The importance of voice can’t be understated. The determination and resilience of those who have used their voice for the betterment of others are the heroes that we need. The use of our voices to highlight the truth about Australia’s past and current treatment of Aboriginal people is still ongoing.
For the past 231 years, the reality of Australia’s history has been ignored (read: intentionally altered) and those that have had the courage to speak up have been persecuted. Aboriginal people have always been here. Always. Though somehow, the false doctrine of terra nullius a couple hundred years ago negates that truth. Inaccurate, defamatory and bigoted lies have dominated Australia’s historical narrative. This is seen in the continued allusion to the barbarity of Aboriginal ‘hunter-gatherer’ societies, the emphasis on token elements of the culture such as Dreaming Stories and dot painting, and the insistence that Aboriginal people ‘leave the past in the past’ and ‘get over’ past treatment.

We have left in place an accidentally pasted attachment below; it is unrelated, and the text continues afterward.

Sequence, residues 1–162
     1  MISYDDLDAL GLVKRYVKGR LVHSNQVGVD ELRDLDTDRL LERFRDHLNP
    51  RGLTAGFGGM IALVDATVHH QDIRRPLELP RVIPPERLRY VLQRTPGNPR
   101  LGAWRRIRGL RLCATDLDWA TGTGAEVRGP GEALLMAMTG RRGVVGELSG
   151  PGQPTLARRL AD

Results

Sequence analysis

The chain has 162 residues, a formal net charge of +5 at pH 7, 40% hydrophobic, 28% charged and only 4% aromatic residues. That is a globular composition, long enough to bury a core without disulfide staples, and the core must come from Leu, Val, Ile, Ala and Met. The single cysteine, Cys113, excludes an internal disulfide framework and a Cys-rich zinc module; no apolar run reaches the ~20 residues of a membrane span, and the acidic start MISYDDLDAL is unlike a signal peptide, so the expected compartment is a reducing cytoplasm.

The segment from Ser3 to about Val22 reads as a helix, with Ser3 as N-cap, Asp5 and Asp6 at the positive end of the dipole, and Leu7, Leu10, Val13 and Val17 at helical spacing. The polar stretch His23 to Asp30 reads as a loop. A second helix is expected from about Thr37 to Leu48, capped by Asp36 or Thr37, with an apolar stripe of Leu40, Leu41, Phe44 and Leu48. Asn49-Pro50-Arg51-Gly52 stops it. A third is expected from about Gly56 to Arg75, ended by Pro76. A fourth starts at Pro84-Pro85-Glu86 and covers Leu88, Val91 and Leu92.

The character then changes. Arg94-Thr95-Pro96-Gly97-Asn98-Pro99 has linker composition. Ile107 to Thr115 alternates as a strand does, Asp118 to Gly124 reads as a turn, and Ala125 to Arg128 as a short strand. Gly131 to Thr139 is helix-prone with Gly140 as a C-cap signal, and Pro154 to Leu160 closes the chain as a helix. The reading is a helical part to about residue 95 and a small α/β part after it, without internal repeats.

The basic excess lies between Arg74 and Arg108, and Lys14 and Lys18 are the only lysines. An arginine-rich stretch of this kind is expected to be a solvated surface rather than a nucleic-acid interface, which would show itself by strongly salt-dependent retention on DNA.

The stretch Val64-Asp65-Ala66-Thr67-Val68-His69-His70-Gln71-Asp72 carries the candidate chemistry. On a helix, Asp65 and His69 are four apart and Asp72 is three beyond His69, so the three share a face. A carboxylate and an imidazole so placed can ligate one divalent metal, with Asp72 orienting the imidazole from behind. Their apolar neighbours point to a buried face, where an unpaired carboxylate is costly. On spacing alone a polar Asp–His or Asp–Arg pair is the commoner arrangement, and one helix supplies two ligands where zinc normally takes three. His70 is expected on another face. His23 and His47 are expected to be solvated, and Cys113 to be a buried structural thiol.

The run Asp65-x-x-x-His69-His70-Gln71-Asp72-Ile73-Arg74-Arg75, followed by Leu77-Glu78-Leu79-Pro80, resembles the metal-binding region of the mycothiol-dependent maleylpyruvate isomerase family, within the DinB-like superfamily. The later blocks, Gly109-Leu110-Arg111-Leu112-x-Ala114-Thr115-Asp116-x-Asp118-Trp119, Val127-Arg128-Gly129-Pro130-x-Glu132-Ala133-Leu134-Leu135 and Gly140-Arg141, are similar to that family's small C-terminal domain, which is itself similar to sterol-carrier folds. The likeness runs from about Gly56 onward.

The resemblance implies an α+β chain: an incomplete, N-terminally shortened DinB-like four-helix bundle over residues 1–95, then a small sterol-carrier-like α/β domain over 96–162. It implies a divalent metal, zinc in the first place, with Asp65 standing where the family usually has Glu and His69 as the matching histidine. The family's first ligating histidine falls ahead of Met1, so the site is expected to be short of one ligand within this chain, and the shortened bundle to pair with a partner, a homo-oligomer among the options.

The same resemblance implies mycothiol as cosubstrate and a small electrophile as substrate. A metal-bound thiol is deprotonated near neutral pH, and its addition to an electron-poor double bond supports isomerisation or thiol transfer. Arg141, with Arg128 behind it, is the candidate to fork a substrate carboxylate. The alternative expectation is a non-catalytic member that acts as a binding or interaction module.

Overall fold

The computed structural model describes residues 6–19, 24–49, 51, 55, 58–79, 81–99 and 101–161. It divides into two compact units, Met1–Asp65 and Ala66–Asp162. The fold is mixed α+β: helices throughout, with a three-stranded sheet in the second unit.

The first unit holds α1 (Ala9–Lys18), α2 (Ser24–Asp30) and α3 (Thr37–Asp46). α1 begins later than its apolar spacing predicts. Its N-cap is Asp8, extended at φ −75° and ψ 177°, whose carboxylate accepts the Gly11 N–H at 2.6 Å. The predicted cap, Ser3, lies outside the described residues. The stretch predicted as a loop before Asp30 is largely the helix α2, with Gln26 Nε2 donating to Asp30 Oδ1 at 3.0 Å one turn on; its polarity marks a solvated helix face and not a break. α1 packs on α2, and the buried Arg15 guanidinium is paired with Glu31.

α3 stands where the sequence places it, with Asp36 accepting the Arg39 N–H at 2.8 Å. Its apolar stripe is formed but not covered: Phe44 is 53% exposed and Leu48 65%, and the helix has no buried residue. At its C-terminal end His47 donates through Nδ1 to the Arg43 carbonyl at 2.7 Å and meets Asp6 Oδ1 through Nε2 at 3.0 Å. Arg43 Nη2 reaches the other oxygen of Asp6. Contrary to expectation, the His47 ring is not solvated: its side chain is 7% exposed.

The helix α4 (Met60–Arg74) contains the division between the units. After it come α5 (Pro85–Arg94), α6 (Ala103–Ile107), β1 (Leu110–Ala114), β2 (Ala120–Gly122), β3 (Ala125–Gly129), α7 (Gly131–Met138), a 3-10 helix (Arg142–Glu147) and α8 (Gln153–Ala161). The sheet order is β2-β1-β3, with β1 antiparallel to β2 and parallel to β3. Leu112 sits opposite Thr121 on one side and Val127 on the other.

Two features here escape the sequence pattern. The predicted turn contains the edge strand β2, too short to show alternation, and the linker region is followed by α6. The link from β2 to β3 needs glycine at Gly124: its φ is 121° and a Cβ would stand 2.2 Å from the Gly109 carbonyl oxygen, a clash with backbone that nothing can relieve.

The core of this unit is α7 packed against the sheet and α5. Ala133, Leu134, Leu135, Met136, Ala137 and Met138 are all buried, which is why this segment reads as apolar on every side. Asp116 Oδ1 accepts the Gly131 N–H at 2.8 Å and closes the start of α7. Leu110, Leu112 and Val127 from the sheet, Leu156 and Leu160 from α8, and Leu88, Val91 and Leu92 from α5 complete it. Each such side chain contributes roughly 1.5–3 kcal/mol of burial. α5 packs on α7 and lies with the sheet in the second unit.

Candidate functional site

It’s not that simple.
The uncensored version of Australia’s history includes massacres, the forced removal of children, the destruction of culture and language, and genocide. James Cook did not discover Australia. Those who arrived with the First Fleet weren’t all poor people banished from England for stealing bread to feed their starving family. Aboriginal people did not leave their country willingly for the benefit of the settlers. Aboriginal people did not benefit from being mustered onto missions and reserves. Taking children from their families wasn’t in their best interests. Yet despite the truth in these statements, Australia as a whole has had a really hard time hearing, accepting and repairing this history.
Sure, if the colonial past doesn’t disadvantage you in society (or you actively benefit from ongoing racist structures), then it might be hard to come around and see the need for things to change. Indeed, it might even be tempting to tell people that there’s equality in Australia and that despite the past, it’s all peachy now.
Not good enough.